About 1,200 passengers booked on a “cruise to nowhere” from Hong Kong had their trip cancelled at the last minute on Thursday after a crew member tested positive for Covid-19, only to be told hours later the case could be a false alarm.
The Centre for Health Protection on Thursday night said it was investigating a suspected “repositive case” involving a 40-year-old crew member on Royal Caribbean’s Spectrum of the Seas, berthed at Kai Tak Cruise Terminal. He was tested on Tuesday.
It said he had no symptoms and his viral load was very low in the preliminary test.
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According to the cruise company, the crew member received two doses of a Covid-19 vaccine in April and May, and tested positive for the coronavirus in Malaysia in July.
He had undergone 10 tests since arriving in Hong Kong in August and all were negative.
After reviewing the epidemiological data and laboratory results, the centre said it believed the preliminary test result was related to the patient’s overseas infection earlier.
About 1,000 of the 1,200 passengers had already boarded the ship before the four-night trip was cancelled, the centre said.
“The patient did not have any direct contact with the passengers,” it said, adding the cruise was cancelled for the sake of safety.
Anyone on board the ship would need to undergo compulsory testing, the centre said.
All 1,250 crew members had been tested before the sailing, scheduled for 7pm on Thursday. The crew member was immediately isolated, the cruise operator said in a statement.
It said the trip was cancelled as a result and the passengers would be compensated.
The statement said all crew members and passengers aged over 12 years had to be fully vaccinated and tested before they embarked. The crew member presented no symptoms, it added, and his position did not require him to have contact with guests.
Guests who had not boarded the ship were at the cruise terminal in Kowloon Bay, a company spokesman said, adding that arrangements were later made for all 1,200 passengers to leave.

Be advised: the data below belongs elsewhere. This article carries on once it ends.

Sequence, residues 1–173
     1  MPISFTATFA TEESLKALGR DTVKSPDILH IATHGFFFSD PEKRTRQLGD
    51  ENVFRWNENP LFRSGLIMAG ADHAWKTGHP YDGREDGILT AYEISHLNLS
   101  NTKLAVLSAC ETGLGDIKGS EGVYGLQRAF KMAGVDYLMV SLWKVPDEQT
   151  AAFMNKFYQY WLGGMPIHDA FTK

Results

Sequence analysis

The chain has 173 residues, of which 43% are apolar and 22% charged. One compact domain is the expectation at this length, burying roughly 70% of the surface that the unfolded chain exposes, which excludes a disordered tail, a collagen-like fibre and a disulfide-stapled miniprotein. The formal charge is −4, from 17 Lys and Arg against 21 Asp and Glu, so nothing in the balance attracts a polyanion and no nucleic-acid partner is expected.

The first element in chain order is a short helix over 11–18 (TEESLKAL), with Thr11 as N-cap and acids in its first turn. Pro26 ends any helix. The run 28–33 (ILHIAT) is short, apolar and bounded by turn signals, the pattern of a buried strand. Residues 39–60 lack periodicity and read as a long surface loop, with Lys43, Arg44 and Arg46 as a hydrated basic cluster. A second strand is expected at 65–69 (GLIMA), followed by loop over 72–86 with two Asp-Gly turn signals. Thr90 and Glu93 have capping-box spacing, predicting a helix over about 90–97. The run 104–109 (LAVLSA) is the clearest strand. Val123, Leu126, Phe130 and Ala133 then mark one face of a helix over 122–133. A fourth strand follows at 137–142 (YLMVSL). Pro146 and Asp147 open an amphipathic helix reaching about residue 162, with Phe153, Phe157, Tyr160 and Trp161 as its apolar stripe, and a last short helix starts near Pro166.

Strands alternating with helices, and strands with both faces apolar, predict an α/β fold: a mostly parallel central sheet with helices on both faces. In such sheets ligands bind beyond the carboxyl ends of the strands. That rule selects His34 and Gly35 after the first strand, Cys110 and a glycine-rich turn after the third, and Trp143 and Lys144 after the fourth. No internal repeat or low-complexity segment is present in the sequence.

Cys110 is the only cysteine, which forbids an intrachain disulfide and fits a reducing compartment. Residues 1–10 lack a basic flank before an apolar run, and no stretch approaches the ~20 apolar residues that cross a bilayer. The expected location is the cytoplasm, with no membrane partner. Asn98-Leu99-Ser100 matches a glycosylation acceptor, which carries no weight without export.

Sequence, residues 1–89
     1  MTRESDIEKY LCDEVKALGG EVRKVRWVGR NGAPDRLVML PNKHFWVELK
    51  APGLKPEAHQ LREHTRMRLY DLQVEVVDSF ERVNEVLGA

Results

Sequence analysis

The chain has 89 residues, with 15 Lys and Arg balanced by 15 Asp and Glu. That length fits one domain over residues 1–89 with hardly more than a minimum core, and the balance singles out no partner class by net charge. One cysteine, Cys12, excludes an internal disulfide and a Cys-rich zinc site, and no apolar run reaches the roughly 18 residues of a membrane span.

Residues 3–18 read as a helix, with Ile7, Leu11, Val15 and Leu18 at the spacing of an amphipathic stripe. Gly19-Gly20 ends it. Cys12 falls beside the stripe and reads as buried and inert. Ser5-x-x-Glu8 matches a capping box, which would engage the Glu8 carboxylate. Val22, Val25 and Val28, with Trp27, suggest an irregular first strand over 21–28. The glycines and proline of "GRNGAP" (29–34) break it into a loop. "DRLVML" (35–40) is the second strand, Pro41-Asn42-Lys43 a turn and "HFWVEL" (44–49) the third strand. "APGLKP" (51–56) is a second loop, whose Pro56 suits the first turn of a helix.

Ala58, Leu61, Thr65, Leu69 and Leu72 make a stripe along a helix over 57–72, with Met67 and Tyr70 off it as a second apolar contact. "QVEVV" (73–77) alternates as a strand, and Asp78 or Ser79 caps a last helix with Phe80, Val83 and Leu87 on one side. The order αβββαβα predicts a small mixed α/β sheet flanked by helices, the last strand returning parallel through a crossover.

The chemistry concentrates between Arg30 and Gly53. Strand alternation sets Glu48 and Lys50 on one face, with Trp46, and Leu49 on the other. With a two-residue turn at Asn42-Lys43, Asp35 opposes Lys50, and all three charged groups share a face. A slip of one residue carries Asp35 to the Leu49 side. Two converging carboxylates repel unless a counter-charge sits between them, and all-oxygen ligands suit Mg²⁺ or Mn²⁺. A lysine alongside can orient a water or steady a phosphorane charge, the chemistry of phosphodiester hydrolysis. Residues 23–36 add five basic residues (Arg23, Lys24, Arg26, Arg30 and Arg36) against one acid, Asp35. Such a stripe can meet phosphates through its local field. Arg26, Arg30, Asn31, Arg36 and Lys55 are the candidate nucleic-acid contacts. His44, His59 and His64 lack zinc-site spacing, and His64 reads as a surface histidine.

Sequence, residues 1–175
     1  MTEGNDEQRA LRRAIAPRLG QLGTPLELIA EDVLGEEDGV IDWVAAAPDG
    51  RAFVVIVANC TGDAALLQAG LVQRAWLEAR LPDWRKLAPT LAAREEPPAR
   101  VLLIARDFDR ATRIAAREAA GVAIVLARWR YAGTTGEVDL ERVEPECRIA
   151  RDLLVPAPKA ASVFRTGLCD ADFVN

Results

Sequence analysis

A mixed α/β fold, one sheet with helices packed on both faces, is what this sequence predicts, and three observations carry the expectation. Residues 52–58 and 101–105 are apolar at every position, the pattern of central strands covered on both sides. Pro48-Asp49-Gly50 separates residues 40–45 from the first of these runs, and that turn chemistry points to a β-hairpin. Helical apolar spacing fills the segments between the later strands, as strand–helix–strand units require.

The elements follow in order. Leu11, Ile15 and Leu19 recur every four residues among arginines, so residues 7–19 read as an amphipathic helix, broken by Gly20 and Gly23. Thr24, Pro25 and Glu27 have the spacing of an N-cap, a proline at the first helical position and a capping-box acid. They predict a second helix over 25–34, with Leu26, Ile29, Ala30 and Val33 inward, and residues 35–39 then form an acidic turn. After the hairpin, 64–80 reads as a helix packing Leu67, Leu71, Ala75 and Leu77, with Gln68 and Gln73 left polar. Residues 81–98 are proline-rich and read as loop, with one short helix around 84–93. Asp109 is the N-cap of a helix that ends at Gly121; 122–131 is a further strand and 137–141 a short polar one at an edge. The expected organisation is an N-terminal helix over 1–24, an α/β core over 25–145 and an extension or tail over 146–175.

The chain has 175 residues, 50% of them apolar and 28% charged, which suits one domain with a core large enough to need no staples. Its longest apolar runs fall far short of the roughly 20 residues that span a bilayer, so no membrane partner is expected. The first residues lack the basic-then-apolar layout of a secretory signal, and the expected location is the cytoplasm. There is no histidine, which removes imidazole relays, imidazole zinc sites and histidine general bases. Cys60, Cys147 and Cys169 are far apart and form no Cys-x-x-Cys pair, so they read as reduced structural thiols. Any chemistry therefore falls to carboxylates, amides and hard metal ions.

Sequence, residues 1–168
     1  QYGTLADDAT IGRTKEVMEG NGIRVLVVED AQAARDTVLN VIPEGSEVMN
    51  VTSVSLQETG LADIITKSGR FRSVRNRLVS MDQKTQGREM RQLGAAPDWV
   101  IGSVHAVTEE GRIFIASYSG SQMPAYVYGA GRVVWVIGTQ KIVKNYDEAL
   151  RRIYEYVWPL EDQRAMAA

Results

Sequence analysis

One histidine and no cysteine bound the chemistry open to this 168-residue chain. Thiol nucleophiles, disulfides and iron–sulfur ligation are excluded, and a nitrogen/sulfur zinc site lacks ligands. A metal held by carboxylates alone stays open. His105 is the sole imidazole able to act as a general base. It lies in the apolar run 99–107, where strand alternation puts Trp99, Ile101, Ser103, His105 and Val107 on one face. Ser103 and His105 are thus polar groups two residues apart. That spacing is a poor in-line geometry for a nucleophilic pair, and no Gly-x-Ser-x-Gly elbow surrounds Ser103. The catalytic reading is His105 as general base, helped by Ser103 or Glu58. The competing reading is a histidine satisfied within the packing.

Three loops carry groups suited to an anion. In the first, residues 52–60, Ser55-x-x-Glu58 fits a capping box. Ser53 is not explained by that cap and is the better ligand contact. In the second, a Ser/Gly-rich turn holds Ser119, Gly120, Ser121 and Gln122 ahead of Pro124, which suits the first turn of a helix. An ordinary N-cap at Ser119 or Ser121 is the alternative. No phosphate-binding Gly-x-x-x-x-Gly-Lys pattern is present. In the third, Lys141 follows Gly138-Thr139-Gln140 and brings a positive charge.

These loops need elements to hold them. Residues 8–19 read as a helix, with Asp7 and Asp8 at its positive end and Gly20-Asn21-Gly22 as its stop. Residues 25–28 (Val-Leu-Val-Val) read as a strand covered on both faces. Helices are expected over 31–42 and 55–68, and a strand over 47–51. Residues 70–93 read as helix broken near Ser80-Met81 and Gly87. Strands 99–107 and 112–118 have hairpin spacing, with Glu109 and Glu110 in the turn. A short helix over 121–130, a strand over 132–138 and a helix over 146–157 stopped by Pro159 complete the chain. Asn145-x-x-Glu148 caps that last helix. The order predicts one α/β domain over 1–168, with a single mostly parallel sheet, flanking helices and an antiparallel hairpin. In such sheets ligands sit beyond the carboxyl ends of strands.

Several compensation plans for passengers will be available including a full refund.
The cruise operator said the incident would not affect the ship’s next sailing on Sunday, ahead of which all crew members would be tested again.
The company bills Spectrum of the Seas as Asia’s newest, biggest and most innovative ship. The quantum ultra class cruise liner has 16 decks, displaces more than 168,000 tons and can carry over 5,600 guests.
Under anti-pandemic rules for “cruises to nowhere”, the ship can carry only half its capacity, or 2,800 passengers.
If a Covid-19 case is detected on a cruise, all passengers must undergo testing on their return to the city, but whether quarantine is needed will depend on public health advice at the time.
A deadly coronavirus outbreak early last year on the Diamond Princess cruise ship – which had thousands of passengers and crew on board, including 364 Hongkongers – caught the world’s attention and hammered the industry.
More than 700 people were infected and eight died, including three from Hong Kong.
Hong Kong started allowing companies to operate “cruises to nowhere” from July if they met vaccination and other health requirements, following Singapore, Taiwan and Japan. Journeys venture onto the high seas but do not stop at other destinations for public health reasons.
Spectrum of the Seas started sailing from Hong Kong on October 14, after two postponements.
Additional reporting by Elizabeth Cheung and Ng Kang-chung
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